We need to be aware and cautious of many messages that are misrepresenting God in these difficult times. I’m sure you all get bombarded with well-meaning, very passionate, but seriously misguided texts/articles that portray God as a cruel taskmaster/exacting tyrant, or even the cause behind this calamity, so we can repent and turn to Him!
What I believe is that—yes, this is an opportune time for those of us that have been lukewarm and callous to our faith to awaken from the slumber.
A different Lent
It’s not coincidental that we’re battling this during ” Lent.”
Why not consider this quarantine as borrowed time or a season set apart for spiritual rejuvenation, and growth of the interior life by reconciliation with God.
To mend what is broken and to deepen that which is shallow.
To be enlightened to see God in the ordinary and be set free for a life of vibrant faith.
To come into maturity in our relationship with God.
To fully understand the worth of the things we otherwise participate in without reverence or thought.
To become other-centered and imitate Christ’s altruistic nature in reaching out to those that are looking for Jesus.
It is a wake-up call!
Knowing the One True God
Having said that, does God need a plague to threaten his children into loving Him?
So many folks are comparing this pandemic to the plagues in Egypt while quoting scripture like Isaiah 26:20, “Go home for a while and lock yourself so that the Lord’s anger might pass…”
And loads of such texts using sacred scripture to warrant their stand and intention!
God then seems to be a bitter God, angry, frustrated, vengeful, not sovereign, legalistic, and bereft of mercy and surely of “love.” (1 John 4:7-8)
He also seems to be a God concerned with the safekeeping of only a few while others perish, and so on… an endless list of characteristics that distort His true image.
To me, the graven image/idol worship that needs to stop, is not so much about the idols made of clay/wood, or anything made by human hands, but the trajectory of images carved indelibly in the minds and hearts of people through misrepresentation and lousy experiences of other Christians, which do not paint an accurate and complete picture of God.
As a worship leader, my greatest battle among people has been to bring to the fore the heart of God, not by knowledge alone, but from a place of experience. And it’s common to encounter so many that isolate themselves from God, because He is portrayed, sadly, “in the image of man”. This false god tends to act and react like any human (and a frustrated one at that) would and would use any means to get his people’s attention.
Like The Grim reaper.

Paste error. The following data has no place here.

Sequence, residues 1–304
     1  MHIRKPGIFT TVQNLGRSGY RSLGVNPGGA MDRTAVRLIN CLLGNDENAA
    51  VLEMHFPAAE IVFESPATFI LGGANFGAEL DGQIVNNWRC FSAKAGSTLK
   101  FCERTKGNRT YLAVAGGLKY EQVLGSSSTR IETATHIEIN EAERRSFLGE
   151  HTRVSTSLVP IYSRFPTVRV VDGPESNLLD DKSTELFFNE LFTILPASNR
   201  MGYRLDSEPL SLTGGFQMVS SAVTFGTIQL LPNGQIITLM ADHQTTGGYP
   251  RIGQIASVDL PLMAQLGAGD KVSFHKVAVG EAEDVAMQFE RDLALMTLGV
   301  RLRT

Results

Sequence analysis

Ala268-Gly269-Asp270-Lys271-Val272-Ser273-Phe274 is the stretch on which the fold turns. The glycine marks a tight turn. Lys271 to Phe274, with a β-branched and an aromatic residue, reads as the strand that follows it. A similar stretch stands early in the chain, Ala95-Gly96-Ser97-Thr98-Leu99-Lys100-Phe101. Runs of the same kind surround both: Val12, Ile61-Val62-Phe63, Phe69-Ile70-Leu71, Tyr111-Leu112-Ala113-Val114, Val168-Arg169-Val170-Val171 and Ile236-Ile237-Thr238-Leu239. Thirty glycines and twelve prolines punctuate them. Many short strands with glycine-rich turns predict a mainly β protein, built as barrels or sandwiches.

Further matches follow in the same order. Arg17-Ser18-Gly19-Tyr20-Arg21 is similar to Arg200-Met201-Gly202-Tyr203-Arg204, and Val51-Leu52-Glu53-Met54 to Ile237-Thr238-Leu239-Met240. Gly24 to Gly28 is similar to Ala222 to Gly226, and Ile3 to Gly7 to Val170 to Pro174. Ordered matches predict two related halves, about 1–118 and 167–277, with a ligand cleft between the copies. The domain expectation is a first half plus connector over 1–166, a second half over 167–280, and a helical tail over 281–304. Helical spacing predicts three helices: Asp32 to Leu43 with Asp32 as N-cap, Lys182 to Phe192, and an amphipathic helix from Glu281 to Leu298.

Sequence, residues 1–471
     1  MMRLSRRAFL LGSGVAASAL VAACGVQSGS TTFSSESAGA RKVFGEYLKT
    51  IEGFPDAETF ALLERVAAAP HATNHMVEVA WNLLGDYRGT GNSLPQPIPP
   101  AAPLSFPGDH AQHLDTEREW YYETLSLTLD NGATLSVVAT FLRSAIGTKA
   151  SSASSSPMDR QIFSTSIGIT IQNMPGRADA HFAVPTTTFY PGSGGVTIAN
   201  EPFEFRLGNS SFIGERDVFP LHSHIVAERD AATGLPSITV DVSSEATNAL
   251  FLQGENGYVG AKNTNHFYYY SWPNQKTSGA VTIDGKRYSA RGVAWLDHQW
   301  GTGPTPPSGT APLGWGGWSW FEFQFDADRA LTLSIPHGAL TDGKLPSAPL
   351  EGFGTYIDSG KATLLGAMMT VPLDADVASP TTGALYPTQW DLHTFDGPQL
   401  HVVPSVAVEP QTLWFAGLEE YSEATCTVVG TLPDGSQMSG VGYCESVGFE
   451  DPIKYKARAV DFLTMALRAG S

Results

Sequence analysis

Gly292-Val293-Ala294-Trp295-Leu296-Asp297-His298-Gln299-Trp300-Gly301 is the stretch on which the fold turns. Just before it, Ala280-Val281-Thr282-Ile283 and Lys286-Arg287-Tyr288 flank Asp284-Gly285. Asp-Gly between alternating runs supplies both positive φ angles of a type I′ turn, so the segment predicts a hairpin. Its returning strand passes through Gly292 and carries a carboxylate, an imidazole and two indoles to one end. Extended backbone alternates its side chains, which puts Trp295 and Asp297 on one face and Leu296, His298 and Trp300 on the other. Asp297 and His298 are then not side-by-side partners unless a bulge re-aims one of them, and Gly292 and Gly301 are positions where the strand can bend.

God is just, but also merciful
To run to God in repentance out of love with compunction and a wild desire to not offend His tender heart, and not out of fear of condemnation, death, or anxiety is a crucial stance to take in these times.
The absolute and yet sweet and gentle power of the Lord responds to the whole depths of the human person, to his loftiest aspirations of intellect, will and heart. It does not speak the language of force but expresses itself in charity and truth.John Paul II
There is call for prudence! Stick to reliable sources. And, be mindful of what you take in.
We, especially Christians, have our shepherds to look to. So invest time in listening only to sound leaders who are now accessible to us on our phones.
Test the spirits and be wise.
And if you are someone who ministers to people, heed these wise words:
It is no part of the Christian vocation, then, to be able to explain what’s happening and why. In fact, it is part of the Christian vocation not to be able to explain—and to lament instead. As the Spirit laments within us, so we become, even in our self-isolation, small shrines where the presence and healing love of God can dwell. And out of that there can emerge new possibilities, new acts of kindness, new scientific understanding, new hope.N.T. Wright
This a time of great awakening, of a mighty revival in our land. Let us build our faith and one another.
Finally, I want to climb a virtual rampart if I may to echo and declare these words:
“There is no fear in love, but perfect love casts out fear. For fear has to do with punishment, and whoever fears has not been perfected in love. We love because he first loved us.”I John 4:18-19
You could read and meditate on this letter by St. John… it’s beautiful!
Stay safe and blessed.
This is a guest post by my worship ministry friend, Catherine Claret Harry. If you’ve heard Spread Worship’s songs, you’d know her voice! You can follow her band, Worship Culture, on Facebook.